Tag Archives: people

Supporting the long-term stewardship of privately protected areas

Thousands of rural landholders across Australia have entered into permanent conservation agreements to protect Australia’s unique flora and fauna. By turning their properties into privately protected areas (PPA), landholders are providing stewardship of our natural heritage that benefits society. But how can we as a society better support these landholders? Lab members Matthew Selinske, Mat Hardy, and Ascelin Gordon provide some answers to this question in a recently published policy brief Supporting the long-term stewardship of privately protected areas.

PPAs are an increasingly popular approach in global conservation efforts, and Australia has one of the largest PPA networks in the world. Recently, the IUCN PPA Specialist Group met in Germany to develop best practice guidelines, which will serve as a guide to how PPAs are implemented in the future. There are several key elements to PPAs – identifying land with conservation value, protecting it, and then looking after it with appropriate stewardship. Landholders enroll in PPA programs for varying reasons, but beyond the initial sign up, supporting them is important for ensuring ongoing stewardship. PPA landholders are diverse and the landscapes in which PPAs sit are dynamic. Properties change ownership over time, and as the needs of landholders change, stewardship of PPAs is best supported through multiple policy mechanisms. The concept of intergenerational stewardship is critical to the long-term effectiveness to PPA programs, and can assist in meeting the challenges facing PPAs.

This policy brief explores the key drivers of landowner participation in PPA programs (i.e. covenants, easements, servitudes and other long-term agreements with individuals or groups of landowners) and the program mechanisms that maintain successive generations of landowners to be engaged and committed to long-term stewardship. It also considers the challenges faced by PPA programs in developing and maintaining strong collaborative arrangements between the stakeholders involved in these programs.

Also, keep an eye out for the September issue of Decision Point where the ICSRG lab discusses PPA stewardship in greater detail.

Citation:

Selinske, M., Hardy, M., Gordon, A., & Knight, A. (2017, August 17). Policy brief for Privately Protected Areas Futures 2017: Supporting the long-term stewardship of privately protected areas. Retrieved from osf.io/znsdq

 

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Why politics and context matter in conservation policy

By Florence Damiens

Politics and context matter for conservation policy. That is why our research group, in collaboration with Brian Coffey and Lauren Rickards from RMIT University’s Centre for Urban Research, has just published a collective reply to Peter Kareiva and Emma Fuller’s article in Global Policy.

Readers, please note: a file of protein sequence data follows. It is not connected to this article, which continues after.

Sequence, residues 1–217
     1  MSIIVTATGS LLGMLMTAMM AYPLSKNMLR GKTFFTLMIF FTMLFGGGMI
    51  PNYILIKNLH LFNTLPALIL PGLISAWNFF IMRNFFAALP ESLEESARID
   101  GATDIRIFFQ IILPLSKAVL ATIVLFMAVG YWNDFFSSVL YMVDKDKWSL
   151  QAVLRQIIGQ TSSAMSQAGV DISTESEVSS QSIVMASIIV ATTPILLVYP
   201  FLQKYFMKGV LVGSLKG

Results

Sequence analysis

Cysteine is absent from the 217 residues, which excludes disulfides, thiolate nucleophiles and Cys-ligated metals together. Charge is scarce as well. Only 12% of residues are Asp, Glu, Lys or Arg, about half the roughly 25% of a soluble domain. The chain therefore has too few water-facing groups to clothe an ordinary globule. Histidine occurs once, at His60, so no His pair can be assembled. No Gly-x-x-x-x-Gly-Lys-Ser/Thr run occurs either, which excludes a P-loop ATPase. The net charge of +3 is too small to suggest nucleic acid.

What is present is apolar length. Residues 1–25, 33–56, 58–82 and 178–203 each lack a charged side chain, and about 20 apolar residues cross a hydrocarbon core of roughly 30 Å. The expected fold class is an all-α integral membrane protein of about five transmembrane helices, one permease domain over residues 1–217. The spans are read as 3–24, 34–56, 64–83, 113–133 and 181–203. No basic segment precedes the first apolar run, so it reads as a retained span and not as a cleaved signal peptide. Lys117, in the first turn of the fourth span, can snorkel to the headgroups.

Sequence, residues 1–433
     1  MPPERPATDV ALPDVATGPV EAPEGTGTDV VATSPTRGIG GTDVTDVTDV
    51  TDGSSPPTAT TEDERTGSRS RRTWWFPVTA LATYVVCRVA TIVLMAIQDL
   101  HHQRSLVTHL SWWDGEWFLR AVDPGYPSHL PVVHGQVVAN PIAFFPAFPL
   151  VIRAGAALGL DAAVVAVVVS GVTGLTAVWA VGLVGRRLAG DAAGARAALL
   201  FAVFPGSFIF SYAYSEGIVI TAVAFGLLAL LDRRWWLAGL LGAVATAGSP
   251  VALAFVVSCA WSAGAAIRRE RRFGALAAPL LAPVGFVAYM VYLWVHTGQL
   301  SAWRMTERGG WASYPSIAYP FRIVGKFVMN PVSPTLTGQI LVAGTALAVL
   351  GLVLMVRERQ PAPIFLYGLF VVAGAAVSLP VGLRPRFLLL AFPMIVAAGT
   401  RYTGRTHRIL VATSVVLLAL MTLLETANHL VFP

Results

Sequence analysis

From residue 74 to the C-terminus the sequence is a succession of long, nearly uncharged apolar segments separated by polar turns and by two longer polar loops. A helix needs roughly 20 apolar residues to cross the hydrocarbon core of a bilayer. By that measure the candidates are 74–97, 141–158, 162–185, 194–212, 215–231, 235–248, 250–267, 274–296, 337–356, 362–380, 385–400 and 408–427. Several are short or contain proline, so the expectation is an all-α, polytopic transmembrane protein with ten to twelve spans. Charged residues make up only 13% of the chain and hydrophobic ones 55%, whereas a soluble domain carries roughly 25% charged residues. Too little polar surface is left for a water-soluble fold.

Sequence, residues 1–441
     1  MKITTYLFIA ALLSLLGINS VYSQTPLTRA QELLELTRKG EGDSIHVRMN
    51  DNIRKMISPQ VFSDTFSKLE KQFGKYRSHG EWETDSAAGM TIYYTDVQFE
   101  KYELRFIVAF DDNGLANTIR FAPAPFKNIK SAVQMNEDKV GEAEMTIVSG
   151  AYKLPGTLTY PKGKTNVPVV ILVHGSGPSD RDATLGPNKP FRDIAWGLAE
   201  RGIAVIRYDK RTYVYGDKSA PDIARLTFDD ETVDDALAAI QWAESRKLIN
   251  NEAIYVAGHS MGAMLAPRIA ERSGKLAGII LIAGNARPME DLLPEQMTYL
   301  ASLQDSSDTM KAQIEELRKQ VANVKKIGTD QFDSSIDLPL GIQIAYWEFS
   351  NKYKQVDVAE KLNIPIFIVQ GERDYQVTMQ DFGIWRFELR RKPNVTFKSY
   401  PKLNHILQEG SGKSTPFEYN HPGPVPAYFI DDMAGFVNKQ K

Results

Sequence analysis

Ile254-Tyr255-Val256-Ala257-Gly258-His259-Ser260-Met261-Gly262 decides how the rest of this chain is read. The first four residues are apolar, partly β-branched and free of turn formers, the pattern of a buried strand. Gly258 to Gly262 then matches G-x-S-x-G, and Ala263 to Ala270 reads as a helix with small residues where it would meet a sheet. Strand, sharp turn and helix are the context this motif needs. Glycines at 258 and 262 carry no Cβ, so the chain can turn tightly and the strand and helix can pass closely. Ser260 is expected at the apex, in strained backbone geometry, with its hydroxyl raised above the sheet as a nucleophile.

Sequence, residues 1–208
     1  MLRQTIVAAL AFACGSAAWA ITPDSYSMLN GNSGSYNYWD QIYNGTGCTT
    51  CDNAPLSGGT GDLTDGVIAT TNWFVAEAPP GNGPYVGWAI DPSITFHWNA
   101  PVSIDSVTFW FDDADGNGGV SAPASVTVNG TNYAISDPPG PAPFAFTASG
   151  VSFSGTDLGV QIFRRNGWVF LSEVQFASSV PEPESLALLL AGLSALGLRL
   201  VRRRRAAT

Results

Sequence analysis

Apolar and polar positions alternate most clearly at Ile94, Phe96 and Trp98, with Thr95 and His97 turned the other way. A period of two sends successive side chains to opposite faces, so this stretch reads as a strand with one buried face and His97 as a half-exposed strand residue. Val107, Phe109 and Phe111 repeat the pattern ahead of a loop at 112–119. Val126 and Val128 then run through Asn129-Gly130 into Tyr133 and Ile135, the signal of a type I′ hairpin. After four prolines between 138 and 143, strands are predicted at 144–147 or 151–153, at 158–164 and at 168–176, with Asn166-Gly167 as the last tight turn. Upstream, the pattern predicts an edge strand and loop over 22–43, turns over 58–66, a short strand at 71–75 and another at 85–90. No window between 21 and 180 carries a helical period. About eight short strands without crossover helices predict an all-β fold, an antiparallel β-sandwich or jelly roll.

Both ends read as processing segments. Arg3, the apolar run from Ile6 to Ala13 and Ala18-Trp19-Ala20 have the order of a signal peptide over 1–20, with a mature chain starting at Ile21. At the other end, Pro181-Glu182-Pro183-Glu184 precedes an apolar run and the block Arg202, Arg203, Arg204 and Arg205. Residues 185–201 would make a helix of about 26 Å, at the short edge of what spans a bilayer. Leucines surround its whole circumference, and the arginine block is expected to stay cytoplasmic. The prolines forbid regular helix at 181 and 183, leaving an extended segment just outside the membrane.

In brief, we argue that Kareiva’s and Fuller’s proposal does not sufficiently consider the core challenges faced by biodiversity conservation researchers and practitioners in this time of dramatic change, for people and nature. Conservation issues are context-dependent: ecological, economic, social, ethical and political. Embracing and responding to this complexity is a necessity when conceiving potential solutions for the future of conservation, humans and the biosphere.

While some of the approaches the authors promote may work in particular situations, we believe their proposal risks unintended and detrimental social and ecological consequences by presenting them as global solutions to complex problems that are context-dependent. In particular, their proposal does not address some of the key causes of biodiversity loss, i.e. over-exploitation of natural resources, intensive agricultural activity, urban development, and pollution. These causes are accepted as fait accompli and their mitigation as potential conservation strategies is not considered. New technologies and ‘managing for evolution’ are presented as guiding principles for any context, which is problematic. Moreover, the questions around what should be conserved, the processes by which biodiversity is valued, and who has the legitimacy to value it are not addressed. Lastly, we argue that a one-size-fits-all utilitarian approach and a neoliberal governance model, as proposed by Kareiva and Fuller, risks poor involvement or opposition from communities and societies and may undermine their traditional structures and relationships with nature.

See our full reply here: Damiens et al. (Online, 13 March 2017)

If you can’t access the paper using this link please send me an e-mail (florence.damiens@rmit.edu.au) and I will send you the pdf directly – thanks!